Klinische Pharmakologie / Psychopharmakologie

 
 

 
 

Psychopharmakologie

Online Coverage from the 9th Annual U.S Psychiatric & Mental Health Congress
© 1996 Medscape, Inc.

Treating Pregnant Patients with Psychotropic Drugs

Speaker: Laura Miller, M.D.


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Contents

Background

When considering pharmacotherapeutic options in pregnancy, the range of possible risks is vast. However, these risks must be weighed against the risks of not using pharmacotherapy, said Dr. Laura Miller, Assistant Professor of Psychiatry at the University of Illinois, in her presentation on pharmacotherapy in pregnancy. "It is crucial" she said "to try and help these women to manage their illness in a way that will allow them to function as parents, without causing excessive risk to the fetus."

According to Dr. Miller, the possible risks associated with some psychoactive drugs are an increase in the rates of spontaneous abortion, prematurity, as well as an increase or decrease in fertility. Some drugs are also associated with morphological teratogenicity, and, theoretically, with behavioral teratogenicity by affecting developing neurotransmitters. These drugs may also cause side effects or symptoms of withdrawal in the fetus or neonate, as well as in the mother. These potential effects and side effects must be strongly considered not just with the pregnant patient, but with all patients of child-bearing potential.

Quantifying the risks of various psychopharmacologic agents, Dr. Miller stated, is fraught with difficulty. Most of the information available is for older medications and these studies are frequently flawed by the inclusion of confounding variables such as: other medications taken, nutritional status of the mother, physical and emotional stresses during pregnancy, maternal age, and environmental toxins to name just a few.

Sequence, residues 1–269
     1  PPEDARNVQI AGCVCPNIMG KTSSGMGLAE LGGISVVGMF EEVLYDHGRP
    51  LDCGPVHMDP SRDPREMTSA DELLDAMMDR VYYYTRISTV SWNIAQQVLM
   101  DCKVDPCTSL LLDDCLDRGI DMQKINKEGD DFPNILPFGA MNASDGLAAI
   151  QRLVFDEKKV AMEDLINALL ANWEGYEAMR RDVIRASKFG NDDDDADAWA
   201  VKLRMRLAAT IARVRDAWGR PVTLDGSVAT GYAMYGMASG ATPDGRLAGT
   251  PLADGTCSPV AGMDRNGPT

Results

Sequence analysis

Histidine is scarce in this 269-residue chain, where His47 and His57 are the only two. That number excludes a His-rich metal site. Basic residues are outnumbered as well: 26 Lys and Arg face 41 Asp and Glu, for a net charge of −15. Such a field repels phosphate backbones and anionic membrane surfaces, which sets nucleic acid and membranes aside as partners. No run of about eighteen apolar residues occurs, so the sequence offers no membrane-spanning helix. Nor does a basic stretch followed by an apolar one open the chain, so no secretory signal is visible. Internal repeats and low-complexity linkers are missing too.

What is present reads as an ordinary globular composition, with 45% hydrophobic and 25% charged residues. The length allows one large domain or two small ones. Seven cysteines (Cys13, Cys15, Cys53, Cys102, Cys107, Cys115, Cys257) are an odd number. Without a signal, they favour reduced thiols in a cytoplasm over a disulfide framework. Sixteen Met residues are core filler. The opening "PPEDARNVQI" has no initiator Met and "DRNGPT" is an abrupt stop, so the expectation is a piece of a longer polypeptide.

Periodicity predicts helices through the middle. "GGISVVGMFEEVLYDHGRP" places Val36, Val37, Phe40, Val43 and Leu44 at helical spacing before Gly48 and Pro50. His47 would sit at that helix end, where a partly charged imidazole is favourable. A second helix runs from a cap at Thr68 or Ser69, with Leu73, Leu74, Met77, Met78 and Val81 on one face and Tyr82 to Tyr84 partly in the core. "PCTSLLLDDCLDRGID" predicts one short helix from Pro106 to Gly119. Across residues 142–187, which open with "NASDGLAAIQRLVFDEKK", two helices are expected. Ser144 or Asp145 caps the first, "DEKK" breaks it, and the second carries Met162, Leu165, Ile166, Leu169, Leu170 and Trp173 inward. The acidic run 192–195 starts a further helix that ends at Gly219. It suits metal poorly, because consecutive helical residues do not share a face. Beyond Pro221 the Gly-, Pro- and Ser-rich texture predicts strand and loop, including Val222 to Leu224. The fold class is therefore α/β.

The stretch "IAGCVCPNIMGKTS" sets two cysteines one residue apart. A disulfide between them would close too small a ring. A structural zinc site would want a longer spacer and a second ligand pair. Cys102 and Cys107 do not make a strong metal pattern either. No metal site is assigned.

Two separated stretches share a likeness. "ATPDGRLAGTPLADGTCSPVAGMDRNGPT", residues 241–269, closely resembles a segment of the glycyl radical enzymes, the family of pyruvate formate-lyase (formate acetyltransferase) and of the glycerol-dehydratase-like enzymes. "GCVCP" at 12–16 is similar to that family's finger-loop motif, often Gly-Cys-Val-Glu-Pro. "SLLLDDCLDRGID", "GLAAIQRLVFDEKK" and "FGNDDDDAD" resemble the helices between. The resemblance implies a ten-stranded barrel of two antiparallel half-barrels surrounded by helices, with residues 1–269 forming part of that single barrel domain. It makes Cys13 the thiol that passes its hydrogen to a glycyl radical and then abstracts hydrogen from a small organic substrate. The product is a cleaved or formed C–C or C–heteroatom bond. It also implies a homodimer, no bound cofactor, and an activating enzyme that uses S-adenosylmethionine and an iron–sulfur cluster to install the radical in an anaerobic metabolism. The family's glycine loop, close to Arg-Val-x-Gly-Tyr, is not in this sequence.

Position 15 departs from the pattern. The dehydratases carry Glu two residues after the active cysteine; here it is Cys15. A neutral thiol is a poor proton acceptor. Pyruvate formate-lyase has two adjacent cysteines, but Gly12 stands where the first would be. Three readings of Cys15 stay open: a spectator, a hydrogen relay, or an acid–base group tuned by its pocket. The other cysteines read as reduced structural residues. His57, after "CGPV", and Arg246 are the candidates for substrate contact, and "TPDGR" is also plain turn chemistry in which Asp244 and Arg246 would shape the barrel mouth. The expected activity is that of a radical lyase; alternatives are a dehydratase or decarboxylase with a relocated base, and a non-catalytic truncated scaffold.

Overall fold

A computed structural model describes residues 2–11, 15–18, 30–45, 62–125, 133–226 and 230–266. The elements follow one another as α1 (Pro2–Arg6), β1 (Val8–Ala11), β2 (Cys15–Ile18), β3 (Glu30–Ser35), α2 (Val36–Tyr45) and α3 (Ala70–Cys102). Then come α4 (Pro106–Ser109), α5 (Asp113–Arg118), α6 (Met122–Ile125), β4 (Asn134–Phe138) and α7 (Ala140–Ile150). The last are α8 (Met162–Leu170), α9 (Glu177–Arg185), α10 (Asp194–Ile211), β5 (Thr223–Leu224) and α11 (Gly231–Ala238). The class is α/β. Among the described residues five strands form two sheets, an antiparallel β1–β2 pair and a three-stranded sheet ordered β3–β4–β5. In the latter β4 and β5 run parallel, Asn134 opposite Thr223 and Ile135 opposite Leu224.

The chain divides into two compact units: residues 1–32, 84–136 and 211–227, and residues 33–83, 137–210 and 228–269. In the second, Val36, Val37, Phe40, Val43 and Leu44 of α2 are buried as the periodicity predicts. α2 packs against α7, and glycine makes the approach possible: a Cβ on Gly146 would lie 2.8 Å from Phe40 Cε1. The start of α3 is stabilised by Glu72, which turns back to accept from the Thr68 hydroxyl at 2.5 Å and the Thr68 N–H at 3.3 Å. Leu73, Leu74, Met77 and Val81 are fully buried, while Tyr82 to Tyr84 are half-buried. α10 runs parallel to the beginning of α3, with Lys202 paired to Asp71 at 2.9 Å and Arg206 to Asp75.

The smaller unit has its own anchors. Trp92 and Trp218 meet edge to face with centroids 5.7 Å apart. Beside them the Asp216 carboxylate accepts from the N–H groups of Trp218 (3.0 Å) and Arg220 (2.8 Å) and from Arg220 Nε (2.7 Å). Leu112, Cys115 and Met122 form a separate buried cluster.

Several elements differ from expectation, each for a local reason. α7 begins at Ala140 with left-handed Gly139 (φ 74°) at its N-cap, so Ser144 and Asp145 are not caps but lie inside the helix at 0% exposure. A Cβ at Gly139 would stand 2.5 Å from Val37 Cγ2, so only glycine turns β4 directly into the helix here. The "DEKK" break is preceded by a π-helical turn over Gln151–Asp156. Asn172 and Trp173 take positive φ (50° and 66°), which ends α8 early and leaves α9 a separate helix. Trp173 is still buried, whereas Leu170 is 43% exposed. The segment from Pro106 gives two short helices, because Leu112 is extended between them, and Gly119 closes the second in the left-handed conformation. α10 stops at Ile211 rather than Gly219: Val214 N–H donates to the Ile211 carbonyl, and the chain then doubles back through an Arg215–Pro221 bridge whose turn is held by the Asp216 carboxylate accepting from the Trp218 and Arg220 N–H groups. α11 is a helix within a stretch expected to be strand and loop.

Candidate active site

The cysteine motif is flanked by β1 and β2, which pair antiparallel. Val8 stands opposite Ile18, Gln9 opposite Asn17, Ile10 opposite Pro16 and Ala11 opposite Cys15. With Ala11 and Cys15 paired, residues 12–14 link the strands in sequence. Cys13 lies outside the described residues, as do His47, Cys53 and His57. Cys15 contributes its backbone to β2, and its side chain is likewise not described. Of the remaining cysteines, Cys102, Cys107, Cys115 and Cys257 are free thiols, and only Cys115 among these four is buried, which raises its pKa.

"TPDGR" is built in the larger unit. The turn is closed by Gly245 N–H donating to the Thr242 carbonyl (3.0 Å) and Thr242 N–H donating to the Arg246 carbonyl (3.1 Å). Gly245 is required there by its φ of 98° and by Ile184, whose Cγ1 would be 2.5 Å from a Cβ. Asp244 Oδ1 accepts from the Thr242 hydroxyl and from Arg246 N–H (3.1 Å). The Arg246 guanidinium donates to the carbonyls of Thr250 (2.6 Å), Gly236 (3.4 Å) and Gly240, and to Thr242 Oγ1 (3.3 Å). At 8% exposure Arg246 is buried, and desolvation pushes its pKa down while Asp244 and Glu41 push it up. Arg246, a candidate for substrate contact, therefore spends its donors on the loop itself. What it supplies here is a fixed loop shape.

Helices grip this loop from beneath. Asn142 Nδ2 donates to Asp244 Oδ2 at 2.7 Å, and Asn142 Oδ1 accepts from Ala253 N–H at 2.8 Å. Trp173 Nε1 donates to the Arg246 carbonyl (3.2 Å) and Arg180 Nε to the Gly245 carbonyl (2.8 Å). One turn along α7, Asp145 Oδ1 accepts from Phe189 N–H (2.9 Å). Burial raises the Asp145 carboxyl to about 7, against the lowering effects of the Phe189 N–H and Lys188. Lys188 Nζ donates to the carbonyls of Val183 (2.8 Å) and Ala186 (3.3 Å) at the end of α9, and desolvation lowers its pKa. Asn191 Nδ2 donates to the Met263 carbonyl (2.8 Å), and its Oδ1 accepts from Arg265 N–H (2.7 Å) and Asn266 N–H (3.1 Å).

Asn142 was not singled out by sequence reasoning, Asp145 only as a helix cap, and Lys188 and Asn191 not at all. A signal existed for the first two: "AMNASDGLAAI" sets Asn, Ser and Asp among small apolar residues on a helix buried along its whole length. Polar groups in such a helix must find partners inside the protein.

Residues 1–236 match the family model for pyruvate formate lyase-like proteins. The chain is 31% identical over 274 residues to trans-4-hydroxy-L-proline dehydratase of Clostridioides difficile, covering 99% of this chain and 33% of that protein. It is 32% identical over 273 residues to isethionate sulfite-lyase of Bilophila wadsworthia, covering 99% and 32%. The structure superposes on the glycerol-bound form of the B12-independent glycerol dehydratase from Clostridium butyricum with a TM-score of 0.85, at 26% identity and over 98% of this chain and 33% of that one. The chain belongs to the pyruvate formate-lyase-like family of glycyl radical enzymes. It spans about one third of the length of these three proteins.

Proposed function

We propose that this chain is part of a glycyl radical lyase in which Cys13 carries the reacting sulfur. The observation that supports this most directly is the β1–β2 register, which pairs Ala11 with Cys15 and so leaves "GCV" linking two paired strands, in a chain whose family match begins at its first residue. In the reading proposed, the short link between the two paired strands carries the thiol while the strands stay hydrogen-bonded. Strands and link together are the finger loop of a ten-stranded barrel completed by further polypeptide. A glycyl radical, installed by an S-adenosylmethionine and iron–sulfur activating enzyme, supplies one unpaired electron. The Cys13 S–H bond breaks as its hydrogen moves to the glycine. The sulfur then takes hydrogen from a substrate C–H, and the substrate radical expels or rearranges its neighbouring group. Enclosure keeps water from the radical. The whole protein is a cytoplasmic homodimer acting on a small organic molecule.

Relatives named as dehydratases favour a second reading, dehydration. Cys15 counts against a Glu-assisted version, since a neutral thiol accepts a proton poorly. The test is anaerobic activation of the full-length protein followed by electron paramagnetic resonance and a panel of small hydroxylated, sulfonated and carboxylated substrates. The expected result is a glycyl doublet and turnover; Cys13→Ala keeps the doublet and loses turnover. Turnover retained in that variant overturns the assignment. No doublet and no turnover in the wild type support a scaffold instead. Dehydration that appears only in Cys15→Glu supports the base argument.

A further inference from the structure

Non-pharmacological options should, of course, be fully explored first for all psychiatric problems arising in pregnant or potentially pregnant women. However, cultural attitudes toward pregnancy have historically resulted in a tendency to under treat pharmacologically and to allow women to remain highly symptomatic throughout their pregnancy. Dr. Miller clearly illustrated this is often not in the best interest of either the mother or the fetus.

Major Depression

In cases of major depression, the risks of untreated illness may be extensive and include: maternal and fetal malnutrition, poor prenatal care, compromised maternal-fetal relationship, and neonatal irritability.

To date, the most widely studied antidepressants have been the tricyclics, although in recent years there have been a few early studies of fluoxetine in pregnancy . According to Dr. Miller, in the aggregate there has been no documented increase in the rate of congenital abnormalities associated with the use of tricyclics during pregnancy and Dr. Miller recommended using either desipramine or nortriptyline if no other contraindications exist. While several studies of fluoxetine showed no increased risks either, a recent study in the New England Journal of Medicine suggested the possibility of an increase in multiple minor anomalies and premature delivery.